Basically, I adore vampire lore but I do believe first and foremost the story has to be great. I think I connect more to vampires than other creatures in the horror genre because there is such an element of beauty and mystery to them. They’re not your average undead “monster”… But I guess a hardcore werewolf or zombie fanatic would say the same thing.
How do you want audiences to respond to Laura specifically, and to the production in general?
I want the audience to understand her and to feel her solitude. Even relate to it. The fact that Carmilla is the first person that Laura has gotten this close to, that they have a mysterious bond, I hope will be a journey for them, as it is for Laura. She’s not a victim of her circumstance but is, one could say, chosen.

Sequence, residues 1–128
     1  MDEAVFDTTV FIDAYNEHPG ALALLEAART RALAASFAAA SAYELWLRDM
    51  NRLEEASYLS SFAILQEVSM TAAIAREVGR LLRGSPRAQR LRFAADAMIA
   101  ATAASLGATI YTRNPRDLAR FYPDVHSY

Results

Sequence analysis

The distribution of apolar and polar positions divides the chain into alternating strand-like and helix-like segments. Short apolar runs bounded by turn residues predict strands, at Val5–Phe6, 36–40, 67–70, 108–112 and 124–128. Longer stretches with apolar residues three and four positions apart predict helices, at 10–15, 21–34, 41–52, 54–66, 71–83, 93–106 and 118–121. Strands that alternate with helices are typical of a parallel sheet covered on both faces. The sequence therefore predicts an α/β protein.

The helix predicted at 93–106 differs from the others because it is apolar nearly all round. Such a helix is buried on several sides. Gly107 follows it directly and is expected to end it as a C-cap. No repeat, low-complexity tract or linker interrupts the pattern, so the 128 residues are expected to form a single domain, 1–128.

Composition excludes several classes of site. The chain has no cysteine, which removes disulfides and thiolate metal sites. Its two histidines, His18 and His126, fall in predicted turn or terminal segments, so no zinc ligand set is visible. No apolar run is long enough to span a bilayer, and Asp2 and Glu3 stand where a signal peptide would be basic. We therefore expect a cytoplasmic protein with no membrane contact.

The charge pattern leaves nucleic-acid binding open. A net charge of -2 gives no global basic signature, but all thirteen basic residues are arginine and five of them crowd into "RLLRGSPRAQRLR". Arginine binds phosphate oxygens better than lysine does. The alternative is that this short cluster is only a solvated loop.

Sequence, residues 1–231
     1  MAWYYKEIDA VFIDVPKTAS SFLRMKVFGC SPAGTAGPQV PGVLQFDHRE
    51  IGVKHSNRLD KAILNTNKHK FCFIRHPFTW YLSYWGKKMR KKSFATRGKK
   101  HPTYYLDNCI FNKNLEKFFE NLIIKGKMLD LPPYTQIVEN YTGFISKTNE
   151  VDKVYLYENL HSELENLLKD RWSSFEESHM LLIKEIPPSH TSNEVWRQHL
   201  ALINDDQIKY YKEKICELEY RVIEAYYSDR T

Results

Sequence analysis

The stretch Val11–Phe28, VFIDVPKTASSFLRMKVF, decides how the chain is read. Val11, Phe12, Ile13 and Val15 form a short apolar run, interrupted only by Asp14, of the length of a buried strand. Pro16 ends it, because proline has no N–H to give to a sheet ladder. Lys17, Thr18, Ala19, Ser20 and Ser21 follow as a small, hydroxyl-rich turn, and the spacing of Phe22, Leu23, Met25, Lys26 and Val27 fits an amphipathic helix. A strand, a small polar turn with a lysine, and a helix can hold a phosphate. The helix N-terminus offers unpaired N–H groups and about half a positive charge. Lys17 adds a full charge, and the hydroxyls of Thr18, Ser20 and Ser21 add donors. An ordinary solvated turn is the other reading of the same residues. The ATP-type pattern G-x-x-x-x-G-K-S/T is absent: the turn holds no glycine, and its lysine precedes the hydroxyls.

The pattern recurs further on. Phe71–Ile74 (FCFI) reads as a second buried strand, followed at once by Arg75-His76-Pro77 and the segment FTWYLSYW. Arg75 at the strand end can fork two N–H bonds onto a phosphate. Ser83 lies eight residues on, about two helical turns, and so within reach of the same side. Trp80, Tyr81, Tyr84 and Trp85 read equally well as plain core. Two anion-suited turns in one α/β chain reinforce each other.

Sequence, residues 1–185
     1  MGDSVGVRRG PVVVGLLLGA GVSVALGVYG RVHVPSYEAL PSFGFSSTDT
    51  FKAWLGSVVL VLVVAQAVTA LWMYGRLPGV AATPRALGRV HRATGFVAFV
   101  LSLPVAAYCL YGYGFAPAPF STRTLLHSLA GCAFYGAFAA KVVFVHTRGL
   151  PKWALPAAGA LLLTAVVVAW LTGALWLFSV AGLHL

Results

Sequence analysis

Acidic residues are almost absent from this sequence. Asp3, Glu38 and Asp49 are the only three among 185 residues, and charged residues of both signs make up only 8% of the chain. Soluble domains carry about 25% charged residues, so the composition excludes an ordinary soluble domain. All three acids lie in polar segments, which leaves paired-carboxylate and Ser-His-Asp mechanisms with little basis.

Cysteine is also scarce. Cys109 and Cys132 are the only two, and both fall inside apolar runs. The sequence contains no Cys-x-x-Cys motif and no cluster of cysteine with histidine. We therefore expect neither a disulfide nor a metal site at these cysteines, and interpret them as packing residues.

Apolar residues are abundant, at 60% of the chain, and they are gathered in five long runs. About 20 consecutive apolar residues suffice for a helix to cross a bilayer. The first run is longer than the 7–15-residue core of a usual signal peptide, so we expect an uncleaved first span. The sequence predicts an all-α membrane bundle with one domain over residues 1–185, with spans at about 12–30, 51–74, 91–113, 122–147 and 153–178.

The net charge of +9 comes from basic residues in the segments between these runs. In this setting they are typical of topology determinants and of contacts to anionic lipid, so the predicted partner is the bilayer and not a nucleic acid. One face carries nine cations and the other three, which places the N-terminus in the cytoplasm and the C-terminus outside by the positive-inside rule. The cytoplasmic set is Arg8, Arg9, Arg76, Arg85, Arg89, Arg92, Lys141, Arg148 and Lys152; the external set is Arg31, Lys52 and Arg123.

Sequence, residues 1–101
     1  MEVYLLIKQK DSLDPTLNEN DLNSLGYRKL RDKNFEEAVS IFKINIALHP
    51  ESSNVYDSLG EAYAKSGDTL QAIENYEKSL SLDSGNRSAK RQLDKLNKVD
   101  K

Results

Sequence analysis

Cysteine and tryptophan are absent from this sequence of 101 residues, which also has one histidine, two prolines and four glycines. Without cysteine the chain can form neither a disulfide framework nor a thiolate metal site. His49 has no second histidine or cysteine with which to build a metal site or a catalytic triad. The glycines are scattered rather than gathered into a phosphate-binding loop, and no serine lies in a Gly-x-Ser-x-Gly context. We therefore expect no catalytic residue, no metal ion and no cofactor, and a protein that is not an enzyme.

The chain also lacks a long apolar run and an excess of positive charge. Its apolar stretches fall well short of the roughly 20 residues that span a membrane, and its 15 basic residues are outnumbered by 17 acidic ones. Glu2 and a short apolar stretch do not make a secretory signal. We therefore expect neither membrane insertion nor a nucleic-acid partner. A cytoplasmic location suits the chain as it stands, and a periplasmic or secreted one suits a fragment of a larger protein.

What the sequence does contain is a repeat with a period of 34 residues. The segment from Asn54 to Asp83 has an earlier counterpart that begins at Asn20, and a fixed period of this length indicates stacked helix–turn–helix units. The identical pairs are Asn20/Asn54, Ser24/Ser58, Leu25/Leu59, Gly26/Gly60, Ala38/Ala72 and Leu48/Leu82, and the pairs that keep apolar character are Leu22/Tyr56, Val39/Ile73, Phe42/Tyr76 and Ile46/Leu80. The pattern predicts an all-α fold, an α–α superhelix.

Finally, is there any question you will I’d asked? And what would your answer be?
If you were given the choice to die or become a vampire, what would you do? Vampire. Definitely. I’d try to get a job in special effects.
I have seen every single filmed version of Carmilla with two exceptions–the BBC one from the 1960s (starring Jane Merrow, almost certainly lost) and the French t.v. miniseries from the 1980s (still looking for).
Blood and Roses, directed by Roger Vadim, one would think might prove rather faithful to the original. At least we Americans have that impression of European filmmakers. In fact it varies quite a bit. One gets the sense–not for the last time–LeFanu’s tale ended up as little more than a partial inspiration for somebody else’s story.
Which doesn’t mean this translated into a bad film! Hardly!